Monday PM April 23rd, 2007
by: Ed Mayberry, April 23, 2007 5:04:00 am
A federal investigative board is again giving poor marks to industry safety efforts at U.S. oil refineries. The board says oil and natural gas industry efforts to revise rules on placing worker trailers at refineries have fallen short. That effort comes in the wake of a deadly 2005 BP Texas City refinery explosion that killed 15 people. All 15 died in the two trailers closest to the blast site. The U.S. Chemical Safety and Hazard Investigation Board had previously asked the American Petroleum Institute to devise new guidelines for locating worker trailers and temporary structures at U.S. refineries. API spokesman Bill Bush said the revised guidelines are not finalized and the organization is still taking feedback on them. The accident also injured more than 170 people. Injuries and structural damage occurred in 44 trailers, including some nearly a thousand feet from the blast site. In its final report, issued last month, the federal board said overly lax federal oversight and cost-cutting by BP were factors in the explosion.
The American Institute of Chemical Engineers is hosting its spring national meeting in Houston at the Hilton Americas through Friday. Thousands of chemical engineers have gathered for the meeting, which is concurrent with the 3rd Global Congress on Process Safety. The process safety participants are looking at hurricane preparation, security standards, as well as lessons learned from the BP Texas City accident.
Gas prices have gone up more than eight cents nationwide the last two weeks. They're up 69 cents so far this year. The latest Lundberg Survey shows the average cost of self-serve regular on Friday was $2. 87. The survey released checked in with 7,000 gas stations across the country. A gallon of mid-grade gasoline averaged about $2.98. Premium was $3.09. Prices were about 15 cents below the all-time record in August 2006, when regular gas averaged $3.03 per gallon.
Fire officials say there were no injuries or substantial damage from a gas flare that soared more than 100 feet over an east Fort Worth power plant and nearby highways. Fort Worth Fire Lieutenant Kent Worley says the flare happened on a 24-inch transmission line that feeds the Exelon Corporation Handley power plant. Worley says a relief valve tripped as designed, but some spark ignited the gas. Worley says there were no injuries and a worker was able to shut off the valve after about 20 minutes, killing the flare. The investigation now begins into the source of the spark. However, the flare was beneath high-voltage transmission lines from the power plant. The plant is near the intersection of Interstate 820 and Spur 303. The flare disrupted rush hour traffic on the heavily traveled highways and prompted spur 303 to be closed.
A Houston judge put more than 1,000 Texas lawsuits surrounding the once-popular pain pill Vioxx on hold. Those lawsuits are now question after State District Judge Randy Wilson ruled that Merck, which manufactured the drug, did give adequate warning about the dangers. Merck's attorneys had argued that a 2003 Texas law should prevent Ruby Ledbetter--who's filed a suit against Merck--from claiming she wasn't properly warned about Vioxx. Travis Sales, one of Merck's attorneys, said the judge previously told lawyers that a decision would put all Texas cases on hold until appeals courts rule on the issue. Vioxx is an arthritis pain reliever that was pulled from the market in 2004 when a study showed it could double the risk of heart attack or stroke if taken more than 18 months. Merck said it now faces more than 27,000 personal injury lawsuits over the drug nationwide. The company is sticking by its plan of defending each of thousands of claims over Vioxx, rather than settling the suits.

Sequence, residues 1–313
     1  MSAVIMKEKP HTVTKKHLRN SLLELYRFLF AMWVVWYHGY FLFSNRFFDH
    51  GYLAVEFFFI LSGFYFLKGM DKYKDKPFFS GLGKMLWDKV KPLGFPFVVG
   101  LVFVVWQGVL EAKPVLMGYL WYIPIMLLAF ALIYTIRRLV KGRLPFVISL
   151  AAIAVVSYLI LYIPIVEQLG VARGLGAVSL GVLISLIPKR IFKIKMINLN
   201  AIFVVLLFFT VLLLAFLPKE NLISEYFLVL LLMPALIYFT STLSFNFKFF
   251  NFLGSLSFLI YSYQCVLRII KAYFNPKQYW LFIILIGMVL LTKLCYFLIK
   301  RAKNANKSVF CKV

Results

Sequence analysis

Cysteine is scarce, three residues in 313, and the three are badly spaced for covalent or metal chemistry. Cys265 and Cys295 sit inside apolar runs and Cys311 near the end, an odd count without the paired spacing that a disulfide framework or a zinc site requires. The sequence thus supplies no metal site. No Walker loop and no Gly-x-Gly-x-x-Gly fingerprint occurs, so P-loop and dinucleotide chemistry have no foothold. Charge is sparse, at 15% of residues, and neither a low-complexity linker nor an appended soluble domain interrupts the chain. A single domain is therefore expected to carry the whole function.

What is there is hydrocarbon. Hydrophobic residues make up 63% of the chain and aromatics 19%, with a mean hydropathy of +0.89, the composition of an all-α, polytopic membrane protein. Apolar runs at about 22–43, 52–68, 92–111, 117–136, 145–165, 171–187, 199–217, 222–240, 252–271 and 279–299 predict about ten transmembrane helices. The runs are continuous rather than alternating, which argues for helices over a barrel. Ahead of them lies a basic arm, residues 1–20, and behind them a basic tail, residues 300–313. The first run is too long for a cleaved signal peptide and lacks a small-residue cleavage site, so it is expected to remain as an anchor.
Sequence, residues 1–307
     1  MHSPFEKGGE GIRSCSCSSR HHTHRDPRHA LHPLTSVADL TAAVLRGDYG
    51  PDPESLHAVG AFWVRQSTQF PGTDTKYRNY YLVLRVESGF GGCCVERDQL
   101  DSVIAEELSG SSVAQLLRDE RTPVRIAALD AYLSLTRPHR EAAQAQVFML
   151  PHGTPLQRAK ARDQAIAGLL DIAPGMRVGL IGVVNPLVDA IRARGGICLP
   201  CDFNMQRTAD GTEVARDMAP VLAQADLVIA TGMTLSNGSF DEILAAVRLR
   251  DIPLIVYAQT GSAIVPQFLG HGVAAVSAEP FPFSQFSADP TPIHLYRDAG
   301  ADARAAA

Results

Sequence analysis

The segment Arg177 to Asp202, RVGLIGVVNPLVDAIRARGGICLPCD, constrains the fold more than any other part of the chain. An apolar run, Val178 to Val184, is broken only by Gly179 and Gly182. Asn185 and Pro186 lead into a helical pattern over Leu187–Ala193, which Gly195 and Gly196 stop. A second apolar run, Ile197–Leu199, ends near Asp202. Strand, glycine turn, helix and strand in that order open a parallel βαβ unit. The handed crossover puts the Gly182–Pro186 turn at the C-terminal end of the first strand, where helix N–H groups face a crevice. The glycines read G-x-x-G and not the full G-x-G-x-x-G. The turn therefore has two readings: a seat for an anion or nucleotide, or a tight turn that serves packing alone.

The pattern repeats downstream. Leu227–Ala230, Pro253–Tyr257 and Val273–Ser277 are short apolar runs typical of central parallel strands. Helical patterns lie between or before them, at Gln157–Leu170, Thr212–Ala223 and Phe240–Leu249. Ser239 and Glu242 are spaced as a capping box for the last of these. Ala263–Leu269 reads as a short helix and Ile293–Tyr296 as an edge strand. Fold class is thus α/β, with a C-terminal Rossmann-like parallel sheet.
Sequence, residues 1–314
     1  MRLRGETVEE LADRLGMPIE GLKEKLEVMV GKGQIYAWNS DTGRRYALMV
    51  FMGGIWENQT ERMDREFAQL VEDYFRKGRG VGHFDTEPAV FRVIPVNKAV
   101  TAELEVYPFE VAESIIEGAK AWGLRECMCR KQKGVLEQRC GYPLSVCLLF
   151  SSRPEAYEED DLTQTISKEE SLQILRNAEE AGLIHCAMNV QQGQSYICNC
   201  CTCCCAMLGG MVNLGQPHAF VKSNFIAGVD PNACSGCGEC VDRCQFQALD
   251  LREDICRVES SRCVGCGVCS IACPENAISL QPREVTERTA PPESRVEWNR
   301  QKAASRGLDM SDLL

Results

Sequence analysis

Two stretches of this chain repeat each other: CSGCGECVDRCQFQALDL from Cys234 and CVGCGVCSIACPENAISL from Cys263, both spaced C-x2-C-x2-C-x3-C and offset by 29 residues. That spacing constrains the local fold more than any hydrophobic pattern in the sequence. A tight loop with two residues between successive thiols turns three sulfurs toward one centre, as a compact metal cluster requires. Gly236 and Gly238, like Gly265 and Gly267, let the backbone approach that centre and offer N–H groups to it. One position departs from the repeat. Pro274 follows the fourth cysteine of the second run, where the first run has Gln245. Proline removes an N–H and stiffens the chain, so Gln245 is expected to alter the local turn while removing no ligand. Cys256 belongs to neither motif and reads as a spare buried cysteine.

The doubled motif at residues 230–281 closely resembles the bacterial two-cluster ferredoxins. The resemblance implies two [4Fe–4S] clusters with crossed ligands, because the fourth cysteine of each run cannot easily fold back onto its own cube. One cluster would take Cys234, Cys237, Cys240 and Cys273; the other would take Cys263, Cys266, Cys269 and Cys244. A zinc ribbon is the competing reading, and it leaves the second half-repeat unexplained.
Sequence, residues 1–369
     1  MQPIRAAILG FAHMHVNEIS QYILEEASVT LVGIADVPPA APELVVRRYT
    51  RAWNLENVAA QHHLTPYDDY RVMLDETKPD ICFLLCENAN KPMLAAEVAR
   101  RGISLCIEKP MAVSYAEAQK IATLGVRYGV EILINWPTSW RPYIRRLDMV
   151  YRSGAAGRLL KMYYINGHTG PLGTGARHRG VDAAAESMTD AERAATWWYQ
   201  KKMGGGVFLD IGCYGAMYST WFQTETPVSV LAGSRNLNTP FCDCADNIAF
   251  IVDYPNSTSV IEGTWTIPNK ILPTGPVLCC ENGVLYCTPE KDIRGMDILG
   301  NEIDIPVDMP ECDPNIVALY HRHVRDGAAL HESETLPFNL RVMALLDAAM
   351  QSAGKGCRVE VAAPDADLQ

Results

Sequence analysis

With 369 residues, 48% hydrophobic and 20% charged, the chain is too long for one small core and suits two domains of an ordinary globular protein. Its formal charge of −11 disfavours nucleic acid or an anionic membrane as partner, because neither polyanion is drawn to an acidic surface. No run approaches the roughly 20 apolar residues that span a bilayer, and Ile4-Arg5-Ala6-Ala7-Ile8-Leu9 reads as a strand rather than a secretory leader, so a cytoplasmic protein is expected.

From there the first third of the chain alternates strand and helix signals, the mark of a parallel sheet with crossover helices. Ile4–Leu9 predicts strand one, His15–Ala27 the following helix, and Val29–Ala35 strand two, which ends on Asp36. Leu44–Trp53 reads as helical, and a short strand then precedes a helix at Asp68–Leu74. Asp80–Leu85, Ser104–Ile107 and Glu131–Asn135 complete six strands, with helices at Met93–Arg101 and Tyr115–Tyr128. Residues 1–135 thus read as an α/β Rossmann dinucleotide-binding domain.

The nation's only nuclear weapons assembly plant says security remains high at its Amarillo facility despite a strike this week by guards. Pantex dismantles and assembles the nation's nuclear weapons. The 537-member guard union has been on strike after rejecting a contract offer from the plant contractor. Pantex spokesman Jud Simmons said guards from other federal weapons facilities--as well as non-union guards--are filling in during contract talks. Tons of plutonium recovered from scrapped warheads are also stored at the 16,000 acres plant in the panhandle.
A survey of business economists shows they generally expect the economy to keep on keeping on. Two-thirds of the members of the National Association for Business Economics surveyed look for a growth rate in the neighborhood of two-to-three percent in the first half of the year. The gross domestic product grew at a two and a-half percent rate in the final three months of 2006. Advance figures for the first quarter are due later this week. The housing sector, particularly problems with mortgages, are not expected to go away any time soon. Sectors most likely to be affected include transportation, utilities and communication. The survey also shows that just a minority of companies—29 percent--plan to do any hiring in the coming months.
World Energy Solutions has opened a regional office in Houston, according to the Houston Business Journal. The World Energy Exchange online auction platform will remain headquartered in Worcester, Massachusetts.
ODS-Petrodata has launched Energy Current, a new online news service offering global coverage of targeted energy industry segments, according to the Journal. The Houston-based offshore oil and gas industry news service covers breaking energy news, as well as analysis of industry trends and events.
Internet users can search for and purchase documents from multiple societies by using OnePetro.org, a new online library of more than 60,000 technical papers covering the upstream oil and gas industry. The site if operated by the Society of Petroleum Engineers.